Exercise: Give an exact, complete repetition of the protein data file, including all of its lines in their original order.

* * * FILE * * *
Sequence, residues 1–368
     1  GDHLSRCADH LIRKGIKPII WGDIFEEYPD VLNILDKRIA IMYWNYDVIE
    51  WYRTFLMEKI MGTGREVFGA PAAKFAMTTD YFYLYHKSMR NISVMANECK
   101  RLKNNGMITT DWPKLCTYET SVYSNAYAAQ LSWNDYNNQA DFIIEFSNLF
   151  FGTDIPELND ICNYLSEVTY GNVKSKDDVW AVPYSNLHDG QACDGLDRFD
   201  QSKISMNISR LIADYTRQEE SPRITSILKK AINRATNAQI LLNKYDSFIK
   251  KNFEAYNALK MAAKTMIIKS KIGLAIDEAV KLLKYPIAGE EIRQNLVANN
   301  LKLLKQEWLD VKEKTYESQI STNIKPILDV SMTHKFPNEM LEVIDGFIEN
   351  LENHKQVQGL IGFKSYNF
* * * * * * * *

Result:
Sequence, residues 1–368
     1  GDHLSRCADH LIRKGIKPII WGDIFEEYPD VLNILDKRIA IMYWNYDVIE
    51  WYRTFLMEKI MGTGREVFGA PAAKFAMTTD YFYLYHKSMR NISVMANECK
   101  RLKNNGMITT DWPKLCTYET SVYSNAYAAQ LSWNDYNNQA DFIIEFSNLF
   151  FGTDIPELND ICNYLSEVTY GNVKSKDDVW AVPYSNLHDG QACDGLDRFD
   201  QSKISMNISR LIADYTRQEE SPRITSILKK AINRATNAQI LLNKYDSFIK
   251  KNFEAYNALK MAAKTMIIKS KIGLAIDEAV KLLKYPIAGE EIRQNLVANN
   301  LKLLKQEWLD VKEKTYESQI STNIKPILDV SMTHKFPNEM LEVIDGFIEN
   351  LENHKQVQGL IGFKSYNF